Completion of Kolkata’s East-West Metro corridor is likely to be delayed by up to one year due to the accident caused by an aquifer burst in Bowbazar area during drilling operations in August, a senior Kolkata Metro Railway Corporation (KMRC) official said. The 16.6-km-long rapid transit system, connecting the twin cities of Kolkata and Howrah, may now be completed by mid-2022, he said.
“The project was scheduled to be completed by June 2021, but we are apprehending that it may get delayed by approximately six months to one year,” the Kolkata Metro Railway Corporation (KMRC) official said. Technical experts are working on a roadmap for resumption of work on the Bowbazar stretch, he said.
“Our priority is restoration work in the affected area. An expert team is working on the resumption of tunnel boring work at the site,” he told news agency Press Trust of India.
The official said that there was no plan to change the route of the East-West Metro due to the accident since only one km of tunnelling work was left to be completed. He said that the KMRC authorites were expecting to finalise a plan to restart work for the rest of the tunnel “very soon.”
Several buildings at Durga Pituri Lane and Syakra Para Lane in Bowbazar area of central Kolkata had collapsed or developed cracks owing to the accident on August 31, when an aquifer broke during tunnel boring and water and silt gushed in, leading to severe ground subsidence in the vicinity.
Tunnel boring for the East-West Metro corridor was stopped following the accident and would restart only after the Calcutta High Court gives its nod, the KMRC told a division bench presided by Chief Justice TBN Radhakrishnan in early September in connection with a PIL against tunnelling work in the congested area of the city.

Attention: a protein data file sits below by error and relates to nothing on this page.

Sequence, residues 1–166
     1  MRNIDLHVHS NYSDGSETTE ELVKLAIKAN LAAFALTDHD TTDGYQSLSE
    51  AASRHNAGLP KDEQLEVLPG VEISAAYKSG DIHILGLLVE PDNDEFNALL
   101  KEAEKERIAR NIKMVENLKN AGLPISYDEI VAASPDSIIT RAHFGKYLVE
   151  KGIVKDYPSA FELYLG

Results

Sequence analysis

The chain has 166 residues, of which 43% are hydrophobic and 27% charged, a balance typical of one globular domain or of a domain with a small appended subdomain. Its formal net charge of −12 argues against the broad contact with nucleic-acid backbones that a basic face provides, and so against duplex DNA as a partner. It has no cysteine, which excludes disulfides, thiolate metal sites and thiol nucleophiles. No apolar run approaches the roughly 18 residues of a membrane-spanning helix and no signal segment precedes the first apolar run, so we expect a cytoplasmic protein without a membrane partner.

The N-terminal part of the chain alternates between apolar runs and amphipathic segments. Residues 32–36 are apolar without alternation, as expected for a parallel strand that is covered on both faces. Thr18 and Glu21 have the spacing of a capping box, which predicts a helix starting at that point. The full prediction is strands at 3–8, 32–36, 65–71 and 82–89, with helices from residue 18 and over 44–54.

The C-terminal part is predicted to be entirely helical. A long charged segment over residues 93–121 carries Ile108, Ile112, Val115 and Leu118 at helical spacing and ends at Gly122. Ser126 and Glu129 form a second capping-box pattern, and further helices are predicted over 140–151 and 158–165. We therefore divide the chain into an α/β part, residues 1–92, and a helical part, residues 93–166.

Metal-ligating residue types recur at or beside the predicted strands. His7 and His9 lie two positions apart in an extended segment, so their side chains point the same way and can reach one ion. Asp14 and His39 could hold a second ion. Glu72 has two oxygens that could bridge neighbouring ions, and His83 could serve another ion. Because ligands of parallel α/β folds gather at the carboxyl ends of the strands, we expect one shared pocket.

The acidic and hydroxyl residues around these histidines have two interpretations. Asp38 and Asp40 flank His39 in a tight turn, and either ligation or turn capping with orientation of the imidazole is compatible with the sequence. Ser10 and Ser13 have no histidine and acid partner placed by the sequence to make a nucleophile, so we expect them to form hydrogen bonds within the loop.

The court had then ordered suspension of the tunnelling work for the East-West Metro corridor. A crisis management team was formed by the KMRC, which is executing the East-West Metro project, under the leadership of Leonard John Endicott, a geotechnical expert from Hong Kong.
Other members in the committee include Guy David Christopher Bridges, a tunnel boring machine expert from Hong Kong, Neelakantan Kumar Pitchumani, a geotechnical expert from Chennai, and Suman Dutta, a structural expert from Kolkata.
The high court has earlier this week allowed the KMRC to move the unaffected tunnel boring machine (TBM) up to five metres for maintenance work. The KMRC has told the court that work for 9.8 km of the 10.9-km-long underground tunnel has been completed for the metro corridor.
Tunnels have been bored under the Hooghly river to connect the twin cities of Kolkata and Howrah through the rapid transit system, spanning a length of 16.6 km from Howrah Maidan to IT hub Sector V in Salt Lake. The new corridor passes through some of Kolkata’s most-congested areas, dotted by century-old buildings, several of which are in a dilapidated condition.